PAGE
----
Donatelli Details 6 Numbers That Could Influence Trump’s 2020 Campaign

May 7, 2019

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In a May 7 opinion piece for Fox News, McGuireWoods Consulting senior advisor, Frank Donatelli, broke down six numbers that could influence Trump’s 2020 campaign – three that may help his reelection bid, and three that may cause concern for his campaign team.

1.) 3.2 percent GDP growth in the first quarter of 2019.

“This marks the fourth time that the quarterly economy has grown by 3 percent during the first two years of the Trump presidency,” Donatelli noted. “GDP drives many other economic numbers – high employment, more federal revenue and a robust stock market.”

2.) 54 percent of voters 18-29 said they did not believe the president cares about “people like me” in a recent Harvard Institute of Politics survey.

“Young voters, properly motivated, can drive turnout and increase voter participation,” Donatelli said. “The Harvard survey also indicates that Democratic-leaning young voters are far more energized to participate in next year’s elections than are young Republicans.”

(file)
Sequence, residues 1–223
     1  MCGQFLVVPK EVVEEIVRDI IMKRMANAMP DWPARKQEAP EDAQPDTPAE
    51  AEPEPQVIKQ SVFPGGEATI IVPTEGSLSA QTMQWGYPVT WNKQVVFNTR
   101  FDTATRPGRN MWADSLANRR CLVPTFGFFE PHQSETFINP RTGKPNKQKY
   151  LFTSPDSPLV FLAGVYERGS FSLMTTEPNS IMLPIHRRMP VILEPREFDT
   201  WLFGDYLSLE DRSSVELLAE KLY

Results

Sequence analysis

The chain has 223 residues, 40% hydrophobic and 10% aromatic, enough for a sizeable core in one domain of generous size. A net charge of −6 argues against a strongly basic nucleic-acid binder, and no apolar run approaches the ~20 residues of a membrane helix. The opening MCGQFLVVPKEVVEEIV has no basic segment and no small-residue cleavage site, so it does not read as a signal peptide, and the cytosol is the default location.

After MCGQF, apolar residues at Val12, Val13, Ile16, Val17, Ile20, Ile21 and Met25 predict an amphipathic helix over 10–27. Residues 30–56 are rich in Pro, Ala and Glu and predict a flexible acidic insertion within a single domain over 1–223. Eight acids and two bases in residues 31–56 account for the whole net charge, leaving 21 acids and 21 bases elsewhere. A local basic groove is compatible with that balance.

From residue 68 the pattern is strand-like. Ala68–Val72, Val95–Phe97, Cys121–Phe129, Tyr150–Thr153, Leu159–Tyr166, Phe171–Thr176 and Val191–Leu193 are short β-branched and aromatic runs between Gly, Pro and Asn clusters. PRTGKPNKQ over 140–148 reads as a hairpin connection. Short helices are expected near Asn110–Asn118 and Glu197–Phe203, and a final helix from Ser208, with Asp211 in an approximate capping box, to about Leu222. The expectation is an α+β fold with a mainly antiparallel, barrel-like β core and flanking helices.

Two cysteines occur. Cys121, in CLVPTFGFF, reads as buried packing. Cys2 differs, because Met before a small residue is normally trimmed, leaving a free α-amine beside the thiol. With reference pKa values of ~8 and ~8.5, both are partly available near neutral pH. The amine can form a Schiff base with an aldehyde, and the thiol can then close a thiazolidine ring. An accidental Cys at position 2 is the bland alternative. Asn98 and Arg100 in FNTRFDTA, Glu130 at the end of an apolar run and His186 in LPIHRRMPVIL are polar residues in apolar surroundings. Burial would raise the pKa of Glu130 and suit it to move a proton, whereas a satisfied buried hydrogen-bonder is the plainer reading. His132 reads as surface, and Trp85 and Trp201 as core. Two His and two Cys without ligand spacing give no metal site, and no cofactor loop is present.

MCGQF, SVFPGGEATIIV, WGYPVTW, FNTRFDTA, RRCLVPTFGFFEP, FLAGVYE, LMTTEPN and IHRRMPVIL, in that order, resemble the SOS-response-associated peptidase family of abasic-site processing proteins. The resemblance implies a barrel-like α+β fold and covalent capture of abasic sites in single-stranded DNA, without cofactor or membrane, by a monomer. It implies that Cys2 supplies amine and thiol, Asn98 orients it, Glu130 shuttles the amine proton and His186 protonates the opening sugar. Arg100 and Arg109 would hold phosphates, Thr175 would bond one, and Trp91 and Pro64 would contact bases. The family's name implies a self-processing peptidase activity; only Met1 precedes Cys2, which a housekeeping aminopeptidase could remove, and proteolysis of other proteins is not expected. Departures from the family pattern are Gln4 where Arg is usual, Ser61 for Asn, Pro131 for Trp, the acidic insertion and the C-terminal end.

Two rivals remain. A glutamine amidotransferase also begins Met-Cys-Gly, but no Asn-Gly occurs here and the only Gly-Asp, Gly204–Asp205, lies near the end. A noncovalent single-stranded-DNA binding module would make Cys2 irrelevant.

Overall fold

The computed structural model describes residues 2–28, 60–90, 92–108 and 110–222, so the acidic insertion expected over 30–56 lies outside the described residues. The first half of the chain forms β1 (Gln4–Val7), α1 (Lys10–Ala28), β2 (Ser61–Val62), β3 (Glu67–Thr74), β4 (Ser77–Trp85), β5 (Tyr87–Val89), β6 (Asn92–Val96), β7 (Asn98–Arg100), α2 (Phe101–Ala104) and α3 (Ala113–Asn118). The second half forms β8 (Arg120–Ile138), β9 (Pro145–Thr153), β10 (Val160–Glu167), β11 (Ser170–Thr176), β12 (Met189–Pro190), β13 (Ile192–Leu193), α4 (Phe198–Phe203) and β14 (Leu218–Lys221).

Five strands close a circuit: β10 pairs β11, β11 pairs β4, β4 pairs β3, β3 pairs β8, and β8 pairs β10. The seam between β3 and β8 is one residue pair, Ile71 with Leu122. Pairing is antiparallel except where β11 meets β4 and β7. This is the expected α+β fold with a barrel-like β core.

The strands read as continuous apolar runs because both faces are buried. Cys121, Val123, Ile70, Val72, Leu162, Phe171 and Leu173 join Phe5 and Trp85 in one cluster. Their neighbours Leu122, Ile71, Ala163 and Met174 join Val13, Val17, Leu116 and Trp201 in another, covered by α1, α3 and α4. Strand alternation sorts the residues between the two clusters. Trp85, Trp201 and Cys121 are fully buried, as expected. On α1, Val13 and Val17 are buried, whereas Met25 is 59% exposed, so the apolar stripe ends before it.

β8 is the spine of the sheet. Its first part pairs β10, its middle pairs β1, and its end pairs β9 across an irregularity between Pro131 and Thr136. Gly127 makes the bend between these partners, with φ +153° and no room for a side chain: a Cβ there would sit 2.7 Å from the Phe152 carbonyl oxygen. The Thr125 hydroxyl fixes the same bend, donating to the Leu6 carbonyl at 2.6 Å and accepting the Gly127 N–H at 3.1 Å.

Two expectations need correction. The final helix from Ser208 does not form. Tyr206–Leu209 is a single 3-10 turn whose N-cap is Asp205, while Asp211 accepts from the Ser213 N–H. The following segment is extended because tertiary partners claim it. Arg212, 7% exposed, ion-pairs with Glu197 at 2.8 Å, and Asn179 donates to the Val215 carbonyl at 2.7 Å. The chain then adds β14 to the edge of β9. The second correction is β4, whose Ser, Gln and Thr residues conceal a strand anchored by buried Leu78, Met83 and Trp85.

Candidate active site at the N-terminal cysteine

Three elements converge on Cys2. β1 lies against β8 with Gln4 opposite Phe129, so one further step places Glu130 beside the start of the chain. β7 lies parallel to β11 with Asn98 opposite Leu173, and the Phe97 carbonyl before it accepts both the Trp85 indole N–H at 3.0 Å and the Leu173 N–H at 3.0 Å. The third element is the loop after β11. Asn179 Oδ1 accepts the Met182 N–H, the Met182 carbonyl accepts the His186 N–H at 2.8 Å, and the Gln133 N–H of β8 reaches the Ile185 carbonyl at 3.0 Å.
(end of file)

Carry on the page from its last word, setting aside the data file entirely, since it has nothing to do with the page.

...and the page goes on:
3.) 22 (expected) announced Democratic presidential candidates.

“The Democratic nominee will have a major challenge to unite a fractious party and drive a coherent message into the general election.” He added, “The DNC and congressional leaders can and must play an important role in keeping the party united as the primary process unfolds.”

4.) 58 percent of voters said they did not believe the president told the truth during the Mueller investigation, according to a recent ABC News survey.

“Truthfulness is a bedrock issue for a president who leans on credibility when asking the public for support on a range of issues and priorities. Truthfulness is also critical to winning the trust of the American people as a president seeks to meet their responsibilities and to act during times of crisis,” said Donatelli.

5.) 56 percent of voters oppose impeachment proceedings, according to the same ABC News survey.

“We know that 15 percent of the electorate simultaneously does not approve of the president, but also opposes impeachment,” Donatelli noted. “These voters represent an inviting target for the president’s campaign message that his political opponents are harassing him and are not focused on the real needs of the country.”

6.) 37 percent of Americans think the country is headed in the right direction, 57 percent think we are on the wrong track, according to an average of last month’s surveys from RealClearPolitics.

“Incumbent presidents are judged on their record of solving America’s problems,” Donatelli said. “Right direction numbers usually correlate with presidential job approval and ultimately presidential support.”

As the 2020 campaign progresses, these numbers will be worth watching.

“The winning campaign will define the public’s priorities consistent with their candidate’s strengths and goals — and very likely, who knows best how to read the right numbers,” Donatelli said.